Files in this item

FilesDescriptionFormat

application/pdf

application/pdfKIM-DISSERTATION-2019.pdf (3MB)Restricted Access
(no description provided)PDF

application/zip

application/zipAppendixB_Chap3Results.zip (51MB)Restricted Access
(no description provided)ZIP

application/zip

application/zipAppendixC_Chap4Results.zip (277kB)Restricted Access
(no description provided)ZIP

Description

Title:Characterization of DNA methylation and gene expression profiles in post-traumatic stress disorder
Author(s):Kim, Grace Sooyeon
Director of Research:Uddin, Eva M
Doctoral Committee Chair(s):Uddin, Eva M
Doctoral Committee Member(s):Johnson, Rodney; Juraska, Janice; Stubbs, Lisa
Department / Program:Neuroscience Program
Discipline:Neuroscience
Degree Granting Institution:University of Illinois at Urbana-Champaign
Degree:Ph.D.
Genre:Dissertation
Subject(s):PTSD
DNA methylation
gene expression
cell composition
stress
Abstract:Post-traumatic stress disorder (PTSD) is a debilitating mental disorder precipitated by trauma exposure and characterized by involuntary re-experiencing of the traumatic event, avoidance of trauma-associated stimuli, negative alterations in mood and cognition, and alterations in arousal/reactivity. While most individuals are exposed to a potentially traumatic event at some point in their lives, only a small subset develop PTSD. This suggests that trauma exposure is necessary, but not sufficient, for the pathogenesis of PTSD, and that many other pre-existing factors, including genetic background, play an influential role in determining individual response to trauma. PTSD is a complex syndrome with a great degree of heterogeneity in presentation within and across populations. Similarly, biological correlates associated with PTSD, specifically DNA methylation (DNAm) and gene expression profiles, exhibit tissue specificity and are comprised of two dynamic components: 1) profiles reflecting cellular composition and 2) alterations in DNAm levels at CpG sites and transcriptional activity. In this work, I examine DNA methylation and gene expression profiles that reflect the pathophysiology of PTSD while considering fundamental population contexts and sources of heterogeneity that have not been adequately addressed in the existing PTSD literature – sex, ancestry, and cellular composition. After an overview of relevant literature in Chapter 1, the subsequent two chapters examine sex-specific profiles associated with PTSD. Chapter 2 disentangles the contribution of cellular composition from DNAm alterations in methylomic profiles to discern sex-specific leukocyte composition associated with PTSD using a combined dataset from two independent cohorts. Chapter 3 assesses the relationship between blood and brain transcriptomic profiles in a rat model of PTSD (i.e., individual response to recent trauma exposure) using a publicly available expression dataset. Chapter 4 implements an integrative systems-level approach to investigate the genomic context underlying leukocyte methylomic and transcriptomic profiles in an understudied, at-risk population of African ancestry, and to identify regulatory epigenetic marks that putatively regulate leukocyte gene expression in PTSD. Chapter 5 provides a discussion of the implications of these findings and their contributions to the existing PTSD literature. This work uses genomic approaches to generate mechanistic hypotheses regarding dysregulation observed in PTSD. It contributes novel insights to the current PTSD literature by considering sex-, ancestry-, and cell/tissue-specific contexts, which have historically been overlooked, and by doing so provides input for understanding findings that are often inconsistent across published DNA methylation and gene expression studies of PTSD.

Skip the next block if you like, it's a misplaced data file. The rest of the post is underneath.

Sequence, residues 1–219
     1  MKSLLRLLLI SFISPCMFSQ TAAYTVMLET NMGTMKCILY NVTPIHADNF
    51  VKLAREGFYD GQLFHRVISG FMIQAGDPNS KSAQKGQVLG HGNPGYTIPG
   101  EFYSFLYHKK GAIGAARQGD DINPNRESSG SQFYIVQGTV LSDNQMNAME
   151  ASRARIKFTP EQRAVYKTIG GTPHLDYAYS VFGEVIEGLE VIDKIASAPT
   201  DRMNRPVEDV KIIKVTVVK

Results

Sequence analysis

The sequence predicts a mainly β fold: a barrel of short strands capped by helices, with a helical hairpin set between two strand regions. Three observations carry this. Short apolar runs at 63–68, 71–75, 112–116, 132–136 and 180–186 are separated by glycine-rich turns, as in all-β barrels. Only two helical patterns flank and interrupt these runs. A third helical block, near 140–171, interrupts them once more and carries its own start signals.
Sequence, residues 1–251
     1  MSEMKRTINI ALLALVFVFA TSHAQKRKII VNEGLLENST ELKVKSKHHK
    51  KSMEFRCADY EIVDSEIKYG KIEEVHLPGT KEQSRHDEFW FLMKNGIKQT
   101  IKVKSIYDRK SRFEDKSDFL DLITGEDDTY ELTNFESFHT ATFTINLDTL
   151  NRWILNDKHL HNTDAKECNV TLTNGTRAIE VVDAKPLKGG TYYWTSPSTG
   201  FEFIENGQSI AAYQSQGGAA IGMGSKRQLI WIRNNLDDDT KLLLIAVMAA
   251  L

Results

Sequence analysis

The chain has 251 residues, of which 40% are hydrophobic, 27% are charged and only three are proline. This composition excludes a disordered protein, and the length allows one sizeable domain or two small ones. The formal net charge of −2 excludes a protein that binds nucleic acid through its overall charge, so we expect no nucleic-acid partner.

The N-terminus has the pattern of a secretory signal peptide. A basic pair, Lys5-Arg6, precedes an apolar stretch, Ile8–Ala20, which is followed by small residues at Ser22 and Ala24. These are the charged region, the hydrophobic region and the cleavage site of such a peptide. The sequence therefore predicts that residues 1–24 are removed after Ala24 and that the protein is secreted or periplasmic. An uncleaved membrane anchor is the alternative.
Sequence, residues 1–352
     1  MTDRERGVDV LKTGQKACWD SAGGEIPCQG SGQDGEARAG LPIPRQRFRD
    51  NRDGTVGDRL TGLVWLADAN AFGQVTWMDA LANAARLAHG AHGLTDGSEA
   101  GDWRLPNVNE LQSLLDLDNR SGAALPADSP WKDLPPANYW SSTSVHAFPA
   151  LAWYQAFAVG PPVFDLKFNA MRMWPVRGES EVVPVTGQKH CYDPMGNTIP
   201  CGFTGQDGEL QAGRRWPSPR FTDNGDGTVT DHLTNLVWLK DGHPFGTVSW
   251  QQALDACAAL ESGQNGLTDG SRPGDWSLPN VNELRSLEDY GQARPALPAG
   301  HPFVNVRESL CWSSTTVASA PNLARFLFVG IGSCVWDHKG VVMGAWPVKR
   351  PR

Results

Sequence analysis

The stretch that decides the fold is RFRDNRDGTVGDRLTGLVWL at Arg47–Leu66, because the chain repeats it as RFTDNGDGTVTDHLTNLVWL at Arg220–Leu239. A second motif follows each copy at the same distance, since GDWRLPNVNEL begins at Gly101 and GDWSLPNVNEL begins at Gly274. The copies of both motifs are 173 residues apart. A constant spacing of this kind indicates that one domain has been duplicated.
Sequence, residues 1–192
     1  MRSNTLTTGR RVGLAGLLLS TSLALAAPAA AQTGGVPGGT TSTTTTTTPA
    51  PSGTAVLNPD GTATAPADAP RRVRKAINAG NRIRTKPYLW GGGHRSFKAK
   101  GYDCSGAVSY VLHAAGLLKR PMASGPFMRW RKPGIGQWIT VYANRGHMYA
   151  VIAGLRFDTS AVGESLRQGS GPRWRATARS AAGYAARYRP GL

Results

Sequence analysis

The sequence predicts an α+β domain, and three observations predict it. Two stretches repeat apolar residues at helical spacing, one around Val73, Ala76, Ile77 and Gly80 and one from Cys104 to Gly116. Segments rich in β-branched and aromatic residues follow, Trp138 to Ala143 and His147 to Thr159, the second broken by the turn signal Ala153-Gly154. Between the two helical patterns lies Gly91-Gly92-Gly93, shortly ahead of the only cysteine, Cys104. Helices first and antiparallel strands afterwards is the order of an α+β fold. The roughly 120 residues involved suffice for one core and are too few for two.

Issue Date:2019-07-09
Type:Text
URI:http://hdl.handle.net/2142/105913
Rights Information:Copyright 2019 Grace Kim
Date Available in IDEALS:2019-11-26
Date Deposited:2019-08


This item appears in the following Collection(s)

Item Statistics